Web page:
I have a load that drives current 1.8A[Max] @26V DC. It has to be supplied with a DC voltage of 30V[max]. I have a DC voltage 36V coming from another Power Supply Unit.

In order to supply a constant DC voltage of 30V to the load from 36V DC supply, would it be okay if I use a zener diode and a resistor as shown in the circuit or just a resistor would be sufficient? If yes, how to choose their values to drive this load. If not, what would be the best way to have a constant 30V DC?

I'm more concerned about the power rating.

Thanks in advance for the suggestions.

enter image description here

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    \$\begingroup\$ Use a voltage regulator and preferably a buck voltage regulator so that heat dissipation is minimized. \$\endgroup\$ – Andy aka Jul 27 at 11:30
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    \$\begingroup\$ Why are you trying to avoid PWM - a chip will manage this for you - you don't need to control it with PWM. \$\endgroup\$ – Andy aka Jul 27 at 11:45
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    \$\begingroup\$ If you want to go linear (no PWM) then use a pass FET with enough power dissipation for the job. 6v at 2A is 12W. Probably that will be a TO220 plus heatsink. Then a linear regulator that supports controlling external FET (you can do it with a shunt regulator). Look at fig 34 of the tl431 datasheet ti.com/product/… \$\endgroup\$ – Robin Iddon Jul 27 at 12:18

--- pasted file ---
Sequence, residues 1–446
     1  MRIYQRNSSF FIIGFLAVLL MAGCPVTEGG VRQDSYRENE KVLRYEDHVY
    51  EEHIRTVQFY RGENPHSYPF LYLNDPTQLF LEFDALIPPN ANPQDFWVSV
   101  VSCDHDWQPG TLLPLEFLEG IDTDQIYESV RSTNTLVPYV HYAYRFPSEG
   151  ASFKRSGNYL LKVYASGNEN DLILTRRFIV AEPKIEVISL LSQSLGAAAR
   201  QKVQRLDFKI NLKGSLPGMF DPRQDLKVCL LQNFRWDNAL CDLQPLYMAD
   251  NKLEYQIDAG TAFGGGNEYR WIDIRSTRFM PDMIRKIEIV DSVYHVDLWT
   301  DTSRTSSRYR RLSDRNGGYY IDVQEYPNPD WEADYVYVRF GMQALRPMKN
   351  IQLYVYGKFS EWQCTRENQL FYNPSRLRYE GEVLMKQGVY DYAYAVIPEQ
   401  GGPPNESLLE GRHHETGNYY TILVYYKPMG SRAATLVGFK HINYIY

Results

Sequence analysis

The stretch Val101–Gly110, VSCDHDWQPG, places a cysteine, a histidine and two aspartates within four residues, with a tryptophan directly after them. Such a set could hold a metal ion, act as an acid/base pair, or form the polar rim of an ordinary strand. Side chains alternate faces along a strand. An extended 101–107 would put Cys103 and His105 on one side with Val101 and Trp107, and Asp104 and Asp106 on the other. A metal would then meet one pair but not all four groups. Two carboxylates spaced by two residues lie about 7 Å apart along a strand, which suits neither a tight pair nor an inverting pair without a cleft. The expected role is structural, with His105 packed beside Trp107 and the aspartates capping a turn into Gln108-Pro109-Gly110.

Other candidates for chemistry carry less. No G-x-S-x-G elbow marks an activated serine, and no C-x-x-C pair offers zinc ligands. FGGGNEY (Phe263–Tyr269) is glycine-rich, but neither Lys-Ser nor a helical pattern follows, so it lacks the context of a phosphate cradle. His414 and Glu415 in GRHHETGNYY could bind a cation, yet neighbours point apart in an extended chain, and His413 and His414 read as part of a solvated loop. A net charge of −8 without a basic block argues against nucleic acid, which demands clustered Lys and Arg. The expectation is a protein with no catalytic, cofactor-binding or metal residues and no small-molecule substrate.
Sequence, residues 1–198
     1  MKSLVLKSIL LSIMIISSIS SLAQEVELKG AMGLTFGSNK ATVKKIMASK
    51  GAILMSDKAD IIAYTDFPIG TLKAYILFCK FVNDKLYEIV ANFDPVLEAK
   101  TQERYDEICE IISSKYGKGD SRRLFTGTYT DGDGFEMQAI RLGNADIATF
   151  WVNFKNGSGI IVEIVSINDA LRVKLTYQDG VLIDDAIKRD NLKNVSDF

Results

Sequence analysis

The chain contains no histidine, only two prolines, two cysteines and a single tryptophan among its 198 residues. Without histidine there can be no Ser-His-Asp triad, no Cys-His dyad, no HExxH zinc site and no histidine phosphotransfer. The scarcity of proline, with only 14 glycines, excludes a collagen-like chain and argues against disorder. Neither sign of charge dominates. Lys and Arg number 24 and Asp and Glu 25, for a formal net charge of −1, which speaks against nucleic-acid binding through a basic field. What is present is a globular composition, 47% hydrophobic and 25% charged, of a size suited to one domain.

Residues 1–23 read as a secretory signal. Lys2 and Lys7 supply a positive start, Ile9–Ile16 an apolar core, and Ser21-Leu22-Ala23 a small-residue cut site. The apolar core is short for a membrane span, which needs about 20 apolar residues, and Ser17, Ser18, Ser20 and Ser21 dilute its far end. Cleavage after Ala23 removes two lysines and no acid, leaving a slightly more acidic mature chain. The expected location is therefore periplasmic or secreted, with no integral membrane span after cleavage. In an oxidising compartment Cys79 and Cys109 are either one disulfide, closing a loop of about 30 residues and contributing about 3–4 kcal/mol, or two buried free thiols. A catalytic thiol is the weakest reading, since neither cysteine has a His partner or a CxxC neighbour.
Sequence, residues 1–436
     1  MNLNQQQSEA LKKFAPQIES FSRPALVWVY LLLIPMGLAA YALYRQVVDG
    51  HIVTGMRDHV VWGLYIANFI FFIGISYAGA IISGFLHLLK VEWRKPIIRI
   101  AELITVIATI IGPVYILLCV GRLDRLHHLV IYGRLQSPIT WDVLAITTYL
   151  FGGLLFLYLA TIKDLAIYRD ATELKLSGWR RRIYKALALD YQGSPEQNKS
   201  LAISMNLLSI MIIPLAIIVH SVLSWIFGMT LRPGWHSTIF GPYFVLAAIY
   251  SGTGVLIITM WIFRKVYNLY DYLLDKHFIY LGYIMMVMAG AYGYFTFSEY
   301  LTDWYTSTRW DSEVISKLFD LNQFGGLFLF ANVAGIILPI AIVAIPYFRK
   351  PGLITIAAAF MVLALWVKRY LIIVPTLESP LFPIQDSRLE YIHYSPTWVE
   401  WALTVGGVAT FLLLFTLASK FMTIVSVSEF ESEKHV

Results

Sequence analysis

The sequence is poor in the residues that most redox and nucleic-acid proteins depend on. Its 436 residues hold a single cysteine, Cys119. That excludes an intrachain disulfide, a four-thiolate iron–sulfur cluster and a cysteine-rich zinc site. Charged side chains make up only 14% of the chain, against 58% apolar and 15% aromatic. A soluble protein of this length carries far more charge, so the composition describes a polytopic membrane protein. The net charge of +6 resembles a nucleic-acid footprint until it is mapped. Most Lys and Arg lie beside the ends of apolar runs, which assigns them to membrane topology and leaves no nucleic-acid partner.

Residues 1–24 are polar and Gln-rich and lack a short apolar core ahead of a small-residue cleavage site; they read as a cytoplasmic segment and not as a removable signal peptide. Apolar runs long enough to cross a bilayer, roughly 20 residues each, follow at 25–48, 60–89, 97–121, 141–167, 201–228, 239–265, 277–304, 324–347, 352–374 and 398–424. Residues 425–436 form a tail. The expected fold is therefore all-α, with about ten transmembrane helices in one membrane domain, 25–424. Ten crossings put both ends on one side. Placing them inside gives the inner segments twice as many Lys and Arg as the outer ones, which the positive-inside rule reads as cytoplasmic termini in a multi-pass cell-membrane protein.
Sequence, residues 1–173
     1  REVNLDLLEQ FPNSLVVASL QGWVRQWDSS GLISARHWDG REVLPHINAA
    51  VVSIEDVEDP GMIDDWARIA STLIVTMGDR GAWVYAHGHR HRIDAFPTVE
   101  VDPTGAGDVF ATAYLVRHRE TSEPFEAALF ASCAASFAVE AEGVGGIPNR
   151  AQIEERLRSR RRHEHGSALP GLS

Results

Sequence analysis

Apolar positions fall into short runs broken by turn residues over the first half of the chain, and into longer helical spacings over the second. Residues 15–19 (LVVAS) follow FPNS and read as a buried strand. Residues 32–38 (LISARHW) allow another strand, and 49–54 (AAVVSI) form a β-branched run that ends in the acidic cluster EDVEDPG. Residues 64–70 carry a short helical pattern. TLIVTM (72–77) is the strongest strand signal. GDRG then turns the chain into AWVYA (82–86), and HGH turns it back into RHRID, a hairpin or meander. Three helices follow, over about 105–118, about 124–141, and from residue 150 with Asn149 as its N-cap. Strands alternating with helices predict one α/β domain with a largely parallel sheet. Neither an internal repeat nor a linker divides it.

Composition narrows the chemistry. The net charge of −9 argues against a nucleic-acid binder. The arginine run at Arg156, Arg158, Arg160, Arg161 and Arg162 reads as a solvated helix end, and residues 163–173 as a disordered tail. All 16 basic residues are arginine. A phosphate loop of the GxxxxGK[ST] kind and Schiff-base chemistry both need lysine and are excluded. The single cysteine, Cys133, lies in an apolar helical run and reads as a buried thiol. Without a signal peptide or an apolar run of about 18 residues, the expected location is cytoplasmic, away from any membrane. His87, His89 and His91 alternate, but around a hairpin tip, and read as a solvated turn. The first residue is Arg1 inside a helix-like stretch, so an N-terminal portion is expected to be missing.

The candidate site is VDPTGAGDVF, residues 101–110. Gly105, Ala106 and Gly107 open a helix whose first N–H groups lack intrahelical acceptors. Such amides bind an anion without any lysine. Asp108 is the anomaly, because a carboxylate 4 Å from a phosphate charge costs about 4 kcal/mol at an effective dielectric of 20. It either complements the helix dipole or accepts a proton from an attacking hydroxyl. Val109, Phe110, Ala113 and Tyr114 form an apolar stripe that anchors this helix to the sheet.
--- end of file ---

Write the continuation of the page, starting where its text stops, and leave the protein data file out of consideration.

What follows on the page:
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    \$\begingroup\$ It only drops 6 volts when there is current flow. This of course may be fine for the load if it takes a minimum current of several mA. However, at full-load the zener would be doing the job but dissipating 10.8 watts. If that's acceptable then it's a fairly simple modification. You will of course need space around the zener to be able to dissipate the 10 watts. In fact more space than a buck regulator takes up I'll wager. \$\endgroup\$ – Andy aka Jul 27 at 13:27
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    \$\begingroup\$ a zener isn't really meant to regulate a load, it's used as a voltage ref. you can use an adjustable voltage regulator like the LM317 to turn 36v into 30v. \$\endgroup\$ – dandavis Jul 27 at 15:24

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